Hazel dormouse

Hazel dormouse
Temporal range: Middle Miocene – Recent
Scientific classification
Kingdom: Animalia
Phylum: Chordata
Class: Mammalia
Order: Rodentia
Family: Gliridae
Subfamily: Leithiinae
Genus: Muscardinus
Kaup, 1829
Species: M. avellanarius
Binomial name
Muscardinus avellanarius
(Linnaeus, 1758)
Geographic range

The hazel dormouse or common dormouse (Muscardinus avellanarius) is a small mammal and the only living species in the genus Muscardinus.[2] It is 6 to 9 cm (2.4 to 3.5 in) long with a tail of 5.7 to 7.5 cm (2.2 to 3.0 in). It weighs 17 to 20 g (0.60 to 0.71 oz), although this increases to 30 to 40 grams (1.1 to 1.4 oz) just before hibernation. The hazel dormouse hibernates from October to April–May.


The hazel dormouse has golden-brown fur and large, black eyes. It is a nocturnal creature and spends most of its waking hours among the branches of trees looking for food. It will make long detours rather than come down to the ground and expose itself to danger.

Distribution and habitat

The hazel dormouse is native to northern Europe and Asia Minor. It is the only dormouse native to the British Isles, and is therefore often referred to simply as the "dormouse" in British sources, although the edible dormouse, Glis glis, has been accidentally introduced and now has an established population. Though Ireland has no native dormouse, the hazel dormouse has recently been found in County Kildare,[3] and appears to be spreading rapidly, helped by the prevalence of hedgerows in the Irish countryside.[4] The first record of the dormouse in Ireland was noted in Co. Kildare in 2010.[5]

The United Kingdom distribution of the hazel dormouse can be found on the National Biodivestity Network website. A 2016 study finds that hasel dormice in Britain have declined by over one third since 2000. Woodland habitat loss and management and a warming climate are seen as material threats to their future status.[6]


Protection status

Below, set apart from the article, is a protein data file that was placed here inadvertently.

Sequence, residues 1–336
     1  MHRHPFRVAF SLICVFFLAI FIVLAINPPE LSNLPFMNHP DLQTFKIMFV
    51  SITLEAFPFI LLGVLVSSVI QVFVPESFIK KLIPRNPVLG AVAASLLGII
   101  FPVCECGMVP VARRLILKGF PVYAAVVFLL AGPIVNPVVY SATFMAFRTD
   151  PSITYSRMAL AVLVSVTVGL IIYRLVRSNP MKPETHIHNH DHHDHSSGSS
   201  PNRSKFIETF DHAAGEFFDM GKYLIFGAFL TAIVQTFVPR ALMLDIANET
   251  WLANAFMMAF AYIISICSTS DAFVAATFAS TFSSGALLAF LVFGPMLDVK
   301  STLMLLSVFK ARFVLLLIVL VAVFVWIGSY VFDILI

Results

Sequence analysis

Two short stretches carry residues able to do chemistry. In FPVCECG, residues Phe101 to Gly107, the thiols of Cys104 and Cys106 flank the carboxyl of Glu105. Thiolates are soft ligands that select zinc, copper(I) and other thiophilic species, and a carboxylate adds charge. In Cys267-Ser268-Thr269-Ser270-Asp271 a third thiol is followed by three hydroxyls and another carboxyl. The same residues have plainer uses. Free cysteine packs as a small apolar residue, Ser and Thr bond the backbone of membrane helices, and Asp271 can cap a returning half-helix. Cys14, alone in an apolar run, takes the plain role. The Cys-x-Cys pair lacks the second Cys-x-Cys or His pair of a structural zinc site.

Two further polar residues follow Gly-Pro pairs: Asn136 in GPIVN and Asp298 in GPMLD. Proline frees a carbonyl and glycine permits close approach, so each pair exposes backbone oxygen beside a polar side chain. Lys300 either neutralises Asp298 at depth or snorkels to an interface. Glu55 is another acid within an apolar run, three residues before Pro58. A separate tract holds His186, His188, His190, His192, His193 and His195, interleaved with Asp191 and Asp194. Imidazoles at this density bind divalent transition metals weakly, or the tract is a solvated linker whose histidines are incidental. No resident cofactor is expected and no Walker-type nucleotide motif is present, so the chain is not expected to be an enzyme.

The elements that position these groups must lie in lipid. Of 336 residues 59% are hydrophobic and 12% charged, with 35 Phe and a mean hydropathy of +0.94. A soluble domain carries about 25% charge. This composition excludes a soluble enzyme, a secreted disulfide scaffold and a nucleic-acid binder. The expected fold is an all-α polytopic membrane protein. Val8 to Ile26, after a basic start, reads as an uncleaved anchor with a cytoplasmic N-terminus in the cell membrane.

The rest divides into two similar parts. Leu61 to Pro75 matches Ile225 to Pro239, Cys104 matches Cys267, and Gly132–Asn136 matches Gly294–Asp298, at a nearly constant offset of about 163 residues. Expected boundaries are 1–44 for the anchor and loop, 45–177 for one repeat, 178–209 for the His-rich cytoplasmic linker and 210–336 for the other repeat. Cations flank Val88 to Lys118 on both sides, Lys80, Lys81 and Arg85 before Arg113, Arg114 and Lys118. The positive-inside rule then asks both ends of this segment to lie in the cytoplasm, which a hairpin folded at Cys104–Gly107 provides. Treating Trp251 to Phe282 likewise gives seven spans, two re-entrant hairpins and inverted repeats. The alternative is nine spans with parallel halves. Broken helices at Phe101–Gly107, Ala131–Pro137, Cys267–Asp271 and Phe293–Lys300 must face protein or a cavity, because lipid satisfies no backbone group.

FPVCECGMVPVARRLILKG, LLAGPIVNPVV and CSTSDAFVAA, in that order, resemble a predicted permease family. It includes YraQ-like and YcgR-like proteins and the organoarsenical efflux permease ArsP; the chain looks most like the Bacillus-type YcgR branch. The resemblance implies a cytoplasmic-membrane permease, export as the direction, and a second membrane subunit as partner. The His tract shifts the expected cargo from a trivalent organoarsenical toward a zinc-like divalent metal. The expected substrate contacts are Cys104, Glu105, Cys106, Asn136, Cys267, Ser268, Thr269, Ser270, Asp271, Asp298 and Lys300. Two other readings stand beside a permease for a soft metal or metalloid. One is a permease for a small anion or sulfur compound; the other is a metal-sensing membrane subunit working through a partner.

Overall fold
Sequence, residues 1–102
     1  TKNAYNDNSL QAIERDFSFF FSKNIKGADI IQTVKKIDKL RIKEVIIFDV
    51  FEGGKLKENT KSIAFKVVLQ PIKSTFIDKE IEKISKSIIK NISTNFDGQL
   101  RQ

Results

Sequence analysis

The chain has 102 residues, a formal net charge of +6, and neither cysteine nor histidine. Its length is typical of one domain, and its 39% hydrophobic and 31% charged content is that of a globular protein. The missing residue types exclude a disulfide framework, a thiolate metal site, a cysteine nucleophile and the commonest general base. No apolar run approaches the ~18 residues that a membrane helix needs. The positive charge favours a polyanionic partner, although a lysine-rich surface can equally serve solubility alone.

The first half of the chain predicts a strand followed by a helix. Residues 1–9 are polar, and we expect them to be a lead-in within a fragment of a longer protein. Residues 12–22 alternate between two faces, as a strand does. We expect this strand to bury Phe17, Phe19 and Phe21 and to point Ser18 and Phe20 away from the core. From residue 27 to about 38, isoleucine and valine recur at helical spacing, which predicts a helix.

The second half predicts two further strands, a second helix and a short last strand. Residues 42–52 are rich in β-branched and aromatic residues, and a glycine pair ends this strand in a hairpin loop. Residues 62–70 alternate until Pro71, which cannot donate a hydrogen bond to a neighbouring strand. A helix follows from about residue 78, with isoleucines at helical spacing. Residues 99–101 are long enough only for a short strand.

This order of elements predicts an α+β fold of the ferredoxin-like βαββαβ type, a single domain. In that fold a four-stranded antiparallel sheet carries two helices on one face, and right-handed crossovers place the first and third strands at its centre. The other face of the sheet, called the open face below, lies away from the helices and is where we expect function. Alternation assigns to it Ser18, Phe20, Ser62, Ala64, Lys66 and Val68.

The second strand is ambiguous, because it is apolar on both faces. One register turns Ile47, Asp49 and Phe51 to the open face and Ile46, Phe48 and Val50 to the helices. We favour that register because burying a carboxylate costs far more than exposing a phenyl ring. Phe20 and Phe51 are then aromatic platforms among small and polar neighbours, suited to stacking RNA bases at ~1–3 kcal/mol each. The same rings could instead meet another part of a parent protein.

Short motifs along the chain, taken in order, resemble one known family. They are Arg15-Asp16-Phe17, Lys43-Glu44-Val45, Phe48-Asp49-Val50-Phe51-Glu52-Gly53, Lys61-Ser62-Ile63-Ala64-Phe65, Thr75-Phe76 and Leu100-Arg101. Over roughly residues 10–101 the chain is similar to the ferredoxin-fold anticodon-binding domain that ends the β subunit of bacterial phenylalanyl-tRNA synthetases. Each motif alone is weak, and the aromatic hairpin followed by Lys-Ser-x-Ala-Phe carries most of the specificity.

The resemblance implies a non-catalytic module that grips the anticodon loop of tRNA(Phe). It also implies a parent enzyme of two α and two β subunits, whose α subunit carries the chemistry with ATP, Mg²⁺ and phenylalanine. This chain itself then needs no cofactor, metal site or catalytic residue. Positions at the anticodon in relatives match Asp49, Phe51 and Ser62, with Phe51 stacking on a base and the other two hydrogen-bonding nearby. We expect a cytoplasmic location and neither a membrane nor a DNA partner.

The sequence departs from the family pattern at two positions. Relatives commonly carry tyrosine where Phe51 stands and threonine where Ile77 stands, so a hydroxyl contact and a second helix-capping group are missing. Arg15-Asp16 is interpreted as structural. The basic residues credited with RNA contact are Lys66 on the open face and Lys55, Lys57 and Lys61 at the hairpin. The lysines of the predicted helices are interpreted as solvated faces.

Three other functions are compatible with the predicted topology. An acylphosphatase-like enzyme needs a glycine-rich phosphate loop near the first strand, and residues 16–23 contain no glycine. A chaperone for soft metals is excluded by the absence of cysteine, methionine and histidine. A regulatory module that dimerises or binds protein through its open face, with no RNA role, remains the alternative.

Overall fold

The hazel dormouse is protected in the UK under the Wildlife and Countryside Act.[8]


In winter (October to November), the hazel dormouse will hibernate in nests on the ground, in the base of old coppiced trees or hazel stools, under piles of leaves or under log piles as these situations are not subject to extreme variations in either temperature or humidity. Dormice are almost completely arboreal in habit but much less reluctant to cross open ground than was thought even recently. When it wakes up in spring (late April or early May), it builds woven nests of shredded honeysuckle bark, fresh leaves and grasses in the undergrowth. If the weather is cold and wet, and food scarce, it saves energy by going into torpor; it curls up into a ball and goes to sleep. The hazel dormouse, therefore, spends a large proportion of its life sleeping − either hibernating in winter or in torpor in summer.

Examination of hazelnuts may show a neat, round hole in the shell. This indicates it has been opened by a small rodent, e.g., the dormouse, wood mouse, or bank vole. Other animals, such as squirrels or jays, will either split the shell completely in half or make a jagged hole in it.

Further examination reveals the cut surface of the hole has toothmarks which follow the direction of the shell. In addition, there will be toothmarks on the outer surface of the nut, at an angle of about 45 degrees to the cut surface. Woodmice and voles bite across the nutshell leaving clear parallel toothmarks from inside to outside. Woodmice also leave toothmarks on the outer surface of the nut but voles do not.


The hazel dormouse requires a variety of arboreal foods to survive. It eats berries and nuts and other fruit with hazelnuts being the main food for fattening up before hibernation. The dormouse also eats hornbeam and blackthorn fruit where hazel is scarce. Other food sources are the buds of young leaves, and flowers which provide nectar and pollen. The dormouse also eats insects found on food-source trees, particularly aphids and caterpillars.

Plants of value to dormice



  1. Amori, G.; Hutterer, R.; Kryštufek, B.; Yigit, N.; Mitsain, G.; Meinig, H. & Juškaitis, R. (2008). "Muscardinus avellanarius". IUCN Red List of Threatened Species. Version 2008. International Union for Conservation of Nature. Retrieved 29 October 2009.
  2. Mitchell-Jones, A. J.; Amori, G.; Bogdanowicz, W.; Kryštufek, B.; Reijnders, P.J.H.; Spitzenberger, F.; Stubbe, M.; Thissen, J.B.M.; Vohralik, V. & Zima, J. (1999). The atlas of European Mammals. London: Academic Press. p. 484.
  3. Ahlstrom, Dick. (2013-07-16). "The dormouse makes first appearance in Ireland". Irish Times.
  4. Mooney, John. (2013-09-08). "Rare UK dormouse moved to Ireland". Sunday Times.
  5. Marnell, F. and Donoher, D. (2013). First confirmed record of Hazel Dormouse (Muscardinus avellanarius) in the wild in Ireland. Ir Nat J. 33: 77-78
  6. 1 2 Aldred, Jessica (9 September 2016). "Britain's dormice have declined by a third since 2000, report shows". The Guardian. London, UK. Retrieved 2016-09-09.
  7. The Dormouse Conservation Handbook published by Natural England
  8. Dormouse: European protected species. Natural England Species Information Note SIN005 (19 October 2007)
  9. Hedgerows for Dormice. Ptes.org. Retrieved on 2012-12-28.
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